Which doesn't say much for the mother, in my book. And if she were so determined to fight for her children, it would surely have been better to do it in Italy in the first place, wouldn't it? If my children were sent to Italy, I'd go with them even if it meant I'd go to prison there. At least the kids could visit me. I would rather do that than let my children be dragged onto planes screaming by strangers.

A terrible drama has been created with the children as pawns at the centre of it. Very sad.

Pooka Fri 05-Oct-12 12:43:35

Agree with nice guy and differentname.

While I can see from the mothers perspective that it must have been very difficult to imagine staying in Italy after the relationship breakdown, I can also see that from the fathers perspective it is equally distressing that his children were taken away and not returned and the mother seems to have thwarted contact.

Te blame for the children's distress cannot be laid entirely at the father's feet. He he not in respect of the law done anything wrong. The mother abducted their children.

Bonsoir Fri 05-Oct-12 12:50:41

The breakdown of international marriages is a massive issue for child custody. The Hague Convention is hugely simplistic and takes no account of the reasons why a couple may have chosen to settle in the jurisdiction of the father as opposed to that of the mother. Many mothers find themselves living in countries they never agreed to live in in the first place, with no way of supporting themselves independently. If they wish to leave their husband and return to their home country in order to support themselves, the law categorically allows a husband to prevent a wife from taking her children with her.

domesticgodless Fri 05-Oct-12 12:52:32

I think that 2 years after the breakdown of the relationship the CHILDREN'S welfare should be the primary consideration. Not the mother's.... OR the father's.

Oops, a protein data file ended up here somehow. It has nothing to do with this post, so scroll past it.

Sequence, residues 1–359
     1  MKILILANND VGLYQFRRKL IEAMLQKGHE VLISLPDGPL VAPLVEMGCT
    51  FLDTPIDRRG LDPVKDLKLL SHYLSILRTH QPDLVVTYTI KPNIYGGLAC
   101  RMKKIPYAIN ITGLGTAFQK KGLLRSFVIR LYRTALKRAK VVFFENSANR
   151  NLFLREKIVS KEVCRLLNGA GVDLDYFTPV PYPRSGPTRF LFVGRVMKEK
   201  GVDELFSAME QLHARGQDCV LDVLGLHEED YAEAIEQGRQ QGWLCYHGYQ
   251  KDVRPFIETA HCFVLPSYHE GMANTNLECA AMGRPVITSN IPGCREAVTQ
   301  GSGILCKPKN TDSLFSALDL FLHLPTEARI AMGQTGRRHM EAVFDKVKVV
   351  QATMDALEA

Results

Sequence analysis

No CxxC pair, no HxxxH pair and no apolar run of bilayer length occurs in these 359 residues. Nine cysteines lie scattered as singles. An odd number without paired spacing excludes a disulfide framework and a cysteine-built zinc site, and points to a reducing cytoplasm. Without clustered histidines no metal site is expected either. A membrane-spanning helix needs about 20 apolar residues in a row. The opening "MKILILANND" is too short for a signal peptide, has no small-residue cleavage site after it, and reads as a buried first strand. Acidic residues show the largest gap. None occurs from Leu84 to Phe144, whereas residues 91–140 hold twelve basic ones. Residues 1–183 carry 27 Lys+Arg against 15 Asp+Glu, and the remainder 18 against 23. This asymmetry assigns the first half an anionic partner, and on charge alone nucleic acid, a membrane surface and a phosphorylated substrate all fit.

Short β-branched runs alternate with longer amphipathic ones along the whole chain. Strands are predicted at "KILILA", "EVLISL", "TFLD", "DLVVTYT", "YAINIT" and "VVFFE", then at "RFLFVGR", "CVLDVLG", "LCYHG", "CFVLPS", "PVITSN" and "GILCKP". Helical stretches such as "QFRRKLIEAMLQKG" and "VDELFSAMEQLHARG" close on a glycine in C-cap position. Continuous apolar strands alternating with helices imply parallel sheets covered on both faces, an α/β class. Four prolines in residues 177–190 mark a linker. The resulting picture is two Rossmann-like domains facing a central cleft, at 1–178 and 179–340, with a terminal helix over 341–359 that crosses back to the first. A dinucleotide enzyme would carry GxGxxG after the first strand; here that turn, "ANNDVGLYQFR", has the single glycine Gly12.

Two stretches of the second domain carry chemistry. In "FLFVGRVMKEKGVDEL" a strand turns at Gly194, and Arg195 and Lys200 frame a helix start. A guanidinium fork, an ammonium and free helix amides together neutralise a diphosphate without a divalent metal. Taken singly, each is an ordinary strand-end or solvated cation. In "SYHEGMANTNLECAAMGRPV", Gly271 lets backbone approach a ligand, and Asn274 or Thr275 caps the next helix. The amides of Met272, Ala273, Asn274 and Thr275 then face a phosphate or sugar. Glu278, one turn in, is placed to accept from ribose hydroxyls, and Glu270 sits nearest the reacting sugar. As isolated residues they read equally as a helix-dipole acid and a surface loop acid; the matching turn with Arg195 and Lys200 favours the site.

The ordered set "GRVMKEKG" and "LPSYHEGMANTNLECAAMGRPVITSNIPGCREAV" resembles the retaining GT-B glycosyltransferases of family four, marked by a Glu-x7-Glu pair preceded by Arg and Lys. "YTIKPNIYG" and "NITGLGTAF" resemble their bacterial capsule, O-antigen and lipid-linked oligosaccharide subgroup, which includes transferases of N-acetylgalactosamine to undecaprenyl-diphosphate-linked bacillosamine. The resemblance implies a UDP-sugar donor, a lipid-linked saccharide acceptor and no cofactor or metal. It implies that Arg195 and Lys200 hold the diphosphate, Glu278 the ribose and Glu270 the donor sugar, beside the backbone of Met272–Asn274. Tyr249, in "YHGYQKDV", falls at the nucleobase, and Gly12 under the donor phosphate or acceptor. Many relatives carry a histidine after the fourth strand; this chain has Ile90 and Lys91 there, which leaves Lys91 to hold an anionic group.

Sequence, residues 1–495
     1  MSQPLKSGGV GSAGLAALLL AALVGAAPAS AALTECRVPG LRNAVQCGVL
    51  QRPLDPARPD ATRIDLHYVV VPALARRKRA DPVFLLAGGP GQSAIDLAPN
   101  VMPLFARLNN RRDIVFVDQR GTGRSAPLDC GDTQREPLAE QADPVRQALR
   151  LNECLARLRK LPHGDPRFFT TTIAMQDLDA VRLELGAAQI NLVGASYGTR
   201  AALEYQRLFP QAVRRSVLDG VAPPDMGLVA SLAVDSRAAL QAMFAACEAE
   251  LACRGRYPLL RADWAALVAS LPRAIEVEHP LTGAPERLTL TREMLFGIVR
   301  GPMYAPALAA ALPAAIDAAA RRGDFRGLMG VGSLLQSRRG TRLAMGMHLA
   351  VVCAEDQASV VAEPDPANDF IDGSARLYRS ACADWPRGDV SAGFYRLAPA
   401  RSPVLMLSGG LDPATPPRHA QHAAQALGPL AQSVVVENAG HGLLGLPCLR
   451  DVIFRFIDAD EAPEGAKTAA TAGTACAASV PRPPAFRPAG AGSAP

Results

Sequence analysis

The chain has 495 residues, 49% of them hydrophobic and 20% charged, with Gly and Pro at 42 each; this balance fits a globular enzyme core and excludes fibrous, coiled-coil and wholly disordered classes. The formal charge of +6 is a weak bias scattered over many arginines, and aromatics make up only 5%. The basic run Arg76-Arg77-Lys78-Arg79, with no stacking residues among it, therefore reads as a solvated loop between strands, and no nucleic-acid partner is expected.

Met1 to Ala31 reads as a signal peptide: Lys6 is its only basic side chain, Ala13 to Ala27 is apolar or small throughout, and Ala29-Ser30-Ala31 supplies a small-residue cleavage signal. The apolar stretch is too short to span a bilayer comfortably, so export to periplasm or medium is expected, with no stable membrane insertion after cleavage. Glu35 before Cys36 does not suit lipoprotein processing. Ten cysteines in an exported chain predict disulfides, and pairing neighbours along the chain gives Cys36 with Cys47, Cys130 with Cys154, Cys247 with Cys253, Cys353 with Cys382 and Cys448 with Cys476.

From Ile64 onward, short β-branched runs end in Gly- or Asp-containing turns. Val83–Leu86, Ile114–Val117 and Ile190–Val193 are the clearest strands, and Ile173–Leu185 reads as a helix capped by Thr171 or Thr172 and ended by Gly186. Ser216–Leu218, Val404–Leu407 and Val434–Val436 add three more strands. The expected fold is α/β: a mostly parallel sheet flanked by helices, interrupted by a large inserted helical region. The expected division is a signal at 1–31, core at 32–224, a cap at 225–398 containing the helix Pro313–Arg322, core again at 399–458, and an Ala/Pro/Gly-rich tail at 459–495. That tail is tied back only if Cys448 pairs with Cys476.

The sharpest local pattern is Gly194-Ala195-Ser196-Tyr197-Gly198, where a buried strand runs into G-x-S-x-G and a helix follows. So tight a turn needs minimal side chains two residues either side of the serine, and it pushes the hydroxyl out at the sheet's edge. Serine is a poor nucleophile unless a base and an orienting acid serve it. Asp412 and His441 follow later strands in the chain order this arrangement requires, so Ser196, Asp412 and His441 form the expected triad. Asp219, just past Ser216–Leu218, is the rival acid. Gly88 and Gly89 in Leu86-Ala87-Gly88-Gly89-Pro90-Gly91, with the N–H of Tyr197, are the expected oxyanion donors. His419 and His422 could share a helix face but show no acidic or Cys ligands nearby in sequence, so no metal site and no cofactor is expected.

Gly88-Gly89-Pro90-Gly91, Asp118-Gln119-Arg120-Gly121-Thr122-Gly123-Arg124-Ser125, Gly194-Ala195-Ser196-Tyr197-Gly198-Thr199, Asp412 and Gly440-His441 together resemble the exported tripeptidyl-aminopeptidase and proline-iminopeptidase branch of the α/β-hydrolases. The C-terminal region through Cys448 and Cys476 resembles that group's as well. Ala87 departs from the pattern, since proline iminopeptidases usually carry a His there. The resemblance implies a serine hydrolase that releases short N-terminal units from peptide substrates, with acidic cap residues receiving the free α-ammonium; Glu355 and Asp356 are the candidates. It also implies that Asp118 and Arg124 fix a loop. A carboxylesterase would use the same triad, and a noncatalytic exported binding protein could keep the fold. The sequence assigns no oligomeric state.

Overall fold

The father may well have suffered in this and that is deeply regrettable, but I am sorry, this is not about him or his 'rights', it is about his children.

no one wants their children taken away from them. I personally had to give up my job so that my ex could have the 50:50 custody he insisted on. I would never try to alter this now as my children are settled in the arrangement. But then, my ex is not an abuser and they adore him. No one knows what has been going on here.

I am horrified by a. the lack of a welfare provision in the Hague convention b. the fact that so many posters on here think that institutional violence toward children is justified under the aegis of father's rights.

The situation here is clearly that the children's wishes are to stay where they are. And to be honest I think that any truly caring parent would have to work WITH that rather than against it. I am not claiming I know how exactly. But this is clearly not the way.

domesticgodless Fri 05-Oct-12 12:55:26

It's pretty clear tbh from most of the above posts that people increasingly see their children as THEIR possessions.

All the stuff above about 'I would do anything to see my children... I would kick doors in etc....'

Well of course we all desperately want to see our children but would you want them manhandled screaming onto a plane to be with you? REALLY?

I wouldn't and tbh in a dreadful situation like this I think I'd do anything I could to see them, fly to Australia, try to relocate there, etc, get contact in Aus courts. But I wouldn't have them subject to this. Never.

reddwarf Fri 05-Oct-12 12:57:26